ACN supports five projects for displaced victims in Africa

In Mozambique, Burkina Faso, Niger, Mauritania, Nigeria

18 March, 09:00

    (ANSAmed) - ROME, MAR 18 - The pontifical foundation Aid to the Church in Need is supporting five projects for Christian communities in Mozambique, Burkina Faso and Niger, Mauritania and Nigeria where thousands of people have been displaced by violence and religious persecution. During the period of Lent, the foundation Aid to the Church in Need is supporting five projects for persecuted Christian communities in Africa, the Italian chapter of the organization said in a statement on March 16. The initiatives are promoted in Mozambique, Burkina Faso and Niger, Mauritania and Nigeria, where thousands of people have been displaced by violence and religious persecution.

    The situation in Mozambique, Burkina Faso and Niger The situation for Christians in northeastern Mozambique has become dramatic over the past few months due to spiraling violence unleashed by Islamic extremists. Over 500,000 people have been displaced by the violence, seeking shelter in the area of the diocese of Pemba. Displaced people are suffering from trauma including the loss of dear ones and of their homes. The pontifical foundation is raising funds to send to the priests and nuns of Pemba so they can help the internally displaced, providing first of all food and medicines. In Burkina Faso and Niger, in particular in the vast region of Sahel, thousands of Christians are victims of violence at the hands of Islamist extremists and priests have to provide humanitarian aid, as well as pastoral service. Priests need to be adequately trained to deal with the situation. ACS is raising funds to finance periodical meetings organized by the "Fraternity of African priests". The initiative is aimed at providing renewed missionary support in a violence-torn area.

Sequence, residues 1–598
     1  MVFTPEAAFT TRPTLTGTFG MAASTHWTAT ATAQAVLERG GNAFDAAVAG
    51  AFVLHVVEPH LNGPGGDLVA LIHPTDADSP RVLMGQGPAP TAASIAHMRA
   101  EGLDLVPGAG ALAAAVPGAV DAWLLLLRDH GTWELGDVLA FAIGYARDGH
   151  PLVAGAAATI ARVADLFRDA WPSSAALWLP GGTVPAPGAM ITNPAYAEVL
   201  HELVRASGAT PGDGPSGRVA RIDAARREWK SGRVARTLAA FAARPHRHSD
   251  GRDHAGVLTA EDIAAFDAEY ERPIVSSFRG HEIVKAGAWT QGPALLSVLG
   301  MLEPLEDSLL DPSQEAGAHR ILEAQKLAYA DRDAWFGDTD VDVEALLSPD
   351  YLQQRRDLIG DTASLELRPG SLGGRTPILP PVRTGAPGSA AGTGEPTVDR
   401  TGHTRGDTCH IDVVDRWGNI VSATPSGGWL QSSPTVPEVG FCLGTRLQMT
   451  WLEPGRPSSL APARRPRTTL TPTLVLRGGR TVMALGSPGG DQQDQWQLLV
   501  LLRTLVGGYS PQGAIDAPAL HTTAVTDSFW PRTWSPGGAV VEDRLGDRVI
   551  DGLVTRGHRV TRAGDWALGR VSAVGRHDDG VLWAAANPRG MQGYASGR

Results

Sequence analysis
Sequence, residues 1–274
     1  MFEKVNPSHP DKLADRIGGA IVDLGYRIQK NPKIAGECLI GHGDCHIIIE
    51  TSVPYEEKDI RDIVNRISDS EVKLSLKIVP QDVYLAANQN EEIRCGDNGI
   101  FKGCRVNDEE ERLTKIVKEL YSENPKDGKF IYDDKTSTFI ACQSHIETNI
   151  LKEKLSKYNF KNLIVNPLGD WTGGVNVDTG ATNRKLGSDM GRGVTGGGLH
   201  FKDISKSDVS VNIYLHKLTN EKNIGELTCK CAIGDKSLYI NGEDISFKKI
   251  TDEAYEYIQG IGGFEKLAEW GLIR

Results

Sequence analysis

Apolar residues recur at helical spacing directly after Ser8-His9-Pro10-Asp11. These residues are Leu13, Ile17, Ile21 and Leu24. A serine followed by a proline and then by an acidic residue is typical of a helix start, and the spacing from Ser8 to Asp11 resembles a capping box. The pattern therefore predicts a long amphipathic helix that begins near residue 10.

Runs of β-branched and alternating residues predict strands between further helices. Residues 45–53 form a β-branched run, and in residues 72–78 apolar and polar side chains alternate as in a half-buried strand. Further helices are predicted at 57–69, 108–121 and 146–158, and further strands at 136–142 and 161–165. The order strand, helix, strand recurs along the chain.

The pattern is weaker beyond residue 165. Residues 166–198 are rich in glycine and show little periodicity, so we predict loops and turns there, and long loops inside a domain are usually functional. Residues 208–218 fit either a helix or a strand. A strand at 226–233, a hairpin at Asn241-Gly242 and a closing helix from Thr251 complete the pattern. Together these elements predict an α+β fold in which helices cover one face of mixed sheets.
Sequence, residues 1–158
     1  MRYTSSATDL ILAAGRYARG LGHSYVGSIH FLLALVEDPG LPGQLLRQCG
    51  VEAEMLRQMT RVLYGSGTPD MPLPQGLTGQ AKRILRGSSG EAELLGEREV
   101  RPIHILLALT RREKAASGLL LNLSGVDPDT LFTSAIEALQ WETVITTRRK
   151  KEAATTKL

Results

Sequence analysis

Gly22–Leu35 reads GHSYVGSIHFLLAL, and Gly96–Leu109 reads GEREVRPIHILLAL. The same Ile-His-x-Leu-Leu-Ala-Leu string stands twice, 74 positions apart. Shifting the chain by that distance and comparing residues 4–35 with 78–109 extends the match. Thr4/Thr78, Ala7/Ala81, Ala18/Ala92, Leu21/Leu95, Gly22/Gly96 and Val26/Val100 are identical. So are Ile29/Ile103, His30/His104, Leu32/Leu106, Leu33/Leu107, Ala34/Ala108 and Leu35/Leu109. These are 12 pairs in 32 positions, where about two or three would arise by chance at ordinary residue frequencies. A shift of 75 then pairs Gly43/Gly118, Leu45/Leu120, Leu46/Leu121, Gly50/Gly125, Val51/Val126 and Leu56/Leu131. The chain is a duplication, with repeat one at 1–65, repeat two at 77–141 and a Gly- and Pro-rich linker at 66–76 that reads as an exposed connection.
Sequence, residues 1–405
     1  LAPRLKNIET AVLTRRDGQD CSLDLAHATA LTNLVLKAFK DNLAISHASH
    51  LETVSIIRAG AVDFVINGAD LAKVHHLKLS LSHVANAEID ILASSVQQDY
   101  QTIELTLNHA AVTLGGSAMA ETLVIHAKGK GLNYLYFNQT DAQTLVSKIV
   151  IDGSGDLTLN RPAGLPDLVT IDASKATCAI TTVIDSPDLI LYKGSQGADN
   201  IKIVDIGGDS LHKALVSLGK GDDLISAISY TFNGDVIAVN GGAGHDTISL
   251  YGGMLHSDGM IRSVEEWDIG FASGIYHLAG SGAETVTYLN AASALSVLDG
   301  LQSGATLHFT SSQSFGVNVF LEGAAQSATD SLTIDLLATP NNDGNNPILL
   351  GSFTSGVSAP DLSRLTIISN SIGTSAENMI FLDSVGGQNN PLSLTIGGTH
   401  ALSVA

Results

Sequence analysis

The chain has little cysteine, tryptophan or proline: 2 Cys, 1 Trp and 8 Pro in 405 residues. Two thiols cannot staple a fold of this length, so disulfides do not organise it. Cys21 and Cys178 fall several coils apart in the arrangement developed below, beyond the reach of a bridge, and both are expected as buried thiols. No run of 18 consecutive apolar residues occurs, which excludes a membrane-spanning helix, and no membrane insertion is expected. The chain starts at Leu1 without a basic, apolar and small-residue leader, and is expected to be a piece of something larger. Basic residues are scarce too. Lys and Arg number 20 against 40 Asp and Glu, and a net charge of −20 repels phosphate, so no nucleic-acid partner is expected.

Mons. Laurent B. Dabiré, bishop of Dori and president of the Episcopal conference of Burkina Faso and Niger, was quoted as saying by the Italian chapter of Aid to the Church in Need (ACS) that "the faithful have a great spirit of perseverance and resilience. They continue to live their faith, whatever it costs. Nobody has heard about desertions and apostasies since 2015", he said. "The faithful flee terrorism against which they can't resist but preserve their faith. Even when the terrorists threatened the population, trying to convert them, they were unsuccessful. People simply fled, bringing their faith with them". The project promoted by ACS means to help priests at the service of these people.

    The projects in Mauritania and Nigeria In Burkina Faso, 36 nuns from various congregations of the diocese of Fada N'Gourma take care of thousands of Christians who are targeted by Islamic extremists. The nuns visit families often, supporting in particular mothers, trying to provide medicines for the sick and teaching doctrine to children exposed to traumatic experiences. These nuns also need support, ACS said.

    In Mauritania, the nuns operate within a community that is almost entirely Muslim, supporting families and the marginalized in extremely dramatic circumstances. ACS said it wants to help nuns and, through them, the communities benefiting from their service.

    In Bauchi, in northern Nigeria, only 3% of the population is Catholic. Catholics are the first victims of Boko Haram terrorists who attack places of worship in order to instill fear in the small local Christian communities. Christians, nevertheless, want to rebuild their damaged churches, including the church of Saint Peter which was completely destroyed in an attack in 2018, ACS said. The foundation said it is raising money to rebuild it as soon as possible.

    (Young girls from Mali collect water on the terrain of a refugee camp near Dori, Burkina Faso, on 04 July 2012. Photo: EPA/HELMUT FOHRINGER) (ANSAmed).

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